On April 20, two environmental activists appeared in Maryland District Court in Calvert County on charges related to a protest against the Cove Point LNG plant, in which they climbed up the arm of a crane and dropped a banner at a Dominion Cove Point construction site.
In separate proceedings, Carling Sothoron and Heather Doyle pleaded guilty to charges of trespassing for entering the construction area known as “Offsite A” before dawn on February 3. Charges of failure to obey a lawful order and malicious destruction of property were dismissed for Sothoron and Doyle respectively.
Mark Goldstone, Doyle’s attorney, said that she had mounted the crane with climbing equipment to serve as “belay” to Sothoron as the latter scaled to the top of the crane arm.
From the highest point, Sothoron dropped a banner, which read, “Dominion get out. Don’t frack Maryland. No gas exports. Save Cove Point.”
According to Goldstone, his client acted “to communicate concerns about the LNG plant, the site of a potential catastrophe.”
“A methane leak could cause an explosion,” he warned. He also reminded the judge that exactly five years to the day, BP’s oil rig Deepwater Horizon exploded in the Gulf of Mexico because of a methane gas bubble.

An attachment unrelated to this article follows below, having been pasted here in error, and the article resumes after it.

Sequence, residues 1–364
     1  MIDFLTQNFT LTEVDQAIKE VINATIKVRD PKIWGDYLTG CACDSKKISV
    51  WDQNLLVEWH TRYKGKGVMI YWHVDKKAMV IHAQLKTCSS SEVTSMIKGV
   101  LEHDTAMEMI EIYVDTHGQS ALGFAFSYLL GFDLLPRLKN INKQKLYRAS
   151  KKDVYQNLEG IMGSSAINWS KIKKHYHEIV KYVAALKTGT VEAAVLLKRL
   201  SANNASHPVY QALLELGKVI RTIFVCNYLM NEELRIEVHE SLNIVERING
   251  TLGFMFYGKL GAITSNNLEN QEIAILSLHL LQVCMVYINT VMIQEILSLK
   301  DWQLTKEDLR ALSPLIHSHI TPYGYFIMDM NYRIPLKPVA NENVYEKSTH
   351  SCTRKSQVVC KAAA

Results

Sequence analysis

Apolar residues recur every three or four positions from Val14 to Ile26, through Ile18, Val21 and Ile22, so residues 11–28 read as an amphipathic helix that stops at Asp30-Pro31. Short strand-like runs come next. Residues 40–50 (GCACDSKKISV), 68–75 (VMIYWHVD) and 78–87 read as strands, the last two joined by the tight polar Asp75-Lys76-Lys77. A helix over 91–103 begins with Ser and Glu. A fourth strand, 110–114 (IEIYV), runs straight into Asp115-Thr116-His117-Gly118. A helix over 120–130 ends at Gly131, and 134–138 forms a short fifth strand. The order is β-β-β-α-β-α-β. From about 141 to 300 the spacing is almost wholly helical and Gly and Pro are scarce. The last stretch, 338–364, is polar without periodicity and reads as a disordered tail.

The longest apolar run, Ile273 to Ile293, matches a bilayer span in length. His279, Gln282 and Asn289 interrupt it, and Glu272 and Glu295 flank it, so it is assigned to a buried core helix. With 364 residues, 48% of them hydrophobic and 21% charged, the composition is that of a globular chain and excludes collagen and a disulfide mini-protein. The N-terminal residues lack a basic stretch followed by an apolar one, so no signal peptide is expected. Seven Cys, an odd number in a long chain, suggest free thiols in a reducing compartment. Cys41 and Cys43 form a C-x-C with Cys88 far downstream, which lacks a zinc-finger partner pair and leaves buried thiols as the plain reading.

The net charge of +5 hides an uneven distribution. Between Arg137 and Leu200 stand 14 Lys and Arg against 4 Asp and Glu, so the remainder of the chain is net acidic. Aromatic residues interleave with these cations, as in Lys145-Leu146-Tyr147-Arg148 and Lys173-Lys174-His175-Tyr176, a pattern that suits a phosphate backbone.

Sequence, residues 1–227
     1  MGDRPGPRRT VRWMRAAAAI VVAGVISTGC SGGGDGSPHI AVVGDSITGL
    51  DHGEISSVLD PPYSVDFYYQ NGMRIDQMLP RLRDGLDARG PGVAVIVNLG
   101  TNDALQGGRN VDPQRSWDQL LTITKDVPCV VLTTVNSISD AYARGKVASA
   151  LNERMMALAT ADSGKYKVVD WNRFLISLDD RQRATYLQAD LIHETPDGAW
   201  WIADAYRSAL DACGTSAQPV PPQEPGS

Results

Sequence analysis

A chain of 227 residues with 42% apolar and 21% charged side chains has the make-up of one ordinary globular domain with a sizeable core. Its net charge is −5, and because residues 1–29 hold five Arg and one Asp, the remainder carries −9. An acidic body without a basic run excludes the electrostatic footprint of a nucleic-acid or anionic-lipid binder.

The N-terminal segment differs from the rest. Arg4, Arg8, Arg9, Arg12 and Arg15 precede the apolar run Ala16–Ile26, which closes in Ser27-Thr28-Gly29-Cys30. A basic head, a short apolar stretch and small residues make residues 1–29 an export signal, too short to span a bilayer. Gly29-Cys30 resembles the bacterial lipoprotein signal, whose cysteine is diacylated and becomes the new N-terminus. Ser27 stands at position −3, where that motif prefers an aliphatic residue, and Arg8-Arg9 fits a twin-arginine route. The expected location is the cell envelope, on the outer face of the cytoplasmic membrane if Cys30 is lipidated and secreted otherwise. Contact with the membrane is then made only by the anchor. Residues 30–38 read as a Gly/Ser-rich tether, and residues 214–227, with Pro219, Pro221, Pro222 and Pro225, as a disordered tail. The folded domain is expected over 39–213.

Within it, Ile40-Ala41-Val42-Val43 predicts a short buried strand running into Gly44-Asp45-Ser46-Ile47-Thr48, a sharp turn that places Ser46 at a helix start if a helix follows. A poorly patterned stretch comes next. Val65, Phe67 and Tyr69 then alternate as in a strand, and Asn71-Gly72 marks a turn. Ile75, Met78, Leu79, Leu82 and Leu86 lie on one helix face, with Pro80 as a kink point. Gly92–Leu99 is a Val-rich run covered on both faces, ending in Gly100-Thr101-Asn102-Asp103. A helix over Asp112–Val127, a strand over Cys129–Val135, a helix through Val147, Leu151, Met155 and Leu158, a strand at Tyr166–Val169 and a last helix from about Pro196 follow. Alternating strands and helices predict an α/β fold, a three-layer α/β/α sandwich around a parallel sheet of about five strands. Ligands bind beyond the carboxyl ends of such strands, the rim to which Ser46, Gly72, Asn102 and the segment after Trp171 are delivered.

“This is a dangerous and volatile situation,” he said.
Mark Palumbo, Sothoron’s representative, disputed the contention of the state attorney that she had refused to come down at his order. She was cooperative but couldn’t come down because one of the officers at the scene had tied off her equipment.
In accepting their guilty pleas, Judge John E. Nunn III said that he was “sympathetic to the environmental movement.”
“I understand the purpose… to educate people about the dangers of this project,” Judge Nunn said. “But you have to frame your arguments within the confines of the law.”
“How does climbing a crane address this situation?” he asked.
“The activists believe that this [Cove Point LNG] is not a done deal,” he said.Goldstone responded that construction is continuing on the Cove Point project even though the Federal Energy Regulatory Commission’s (FERC) has delayed ruling on a request for rehearing on its certificate of approval. FERC should stop construction until a ruling is made.
Judge Nunn took prior convictions into consideration when sentencing. Sothoron received a suspended sentence of 40 days, 3 years unsupervised probation, $500 fine, $300 suspended, and court costs. She was ordered to stay away from Dominion Cove Point and the construction site. Sothoron, age 28, lives in Baltimore and works as an educator for an urban agriculture project.
Doyle was sentenced to 40 days, with credit for time served. Doyle, age 31, requested jail time over probation because probation would prohibit her from entering jails as a volunteer. Next year, Doyle will begin a Master’s program in dance therapy at the University of Maryland.
Sothoron and Doyle are affiliated with SEED (Stopping Extraction and Exports Destruction) Coalition.
In an interview, Doyle said that Cove Point LNG poses a “catastrophic threat” to the community.
“We wanted the action to be an escalation. Banner hangs are a publicity stunt,” she said. “We want Dominion Cove Point to be on notice that there are people who are willing to take more steps to resist the project.”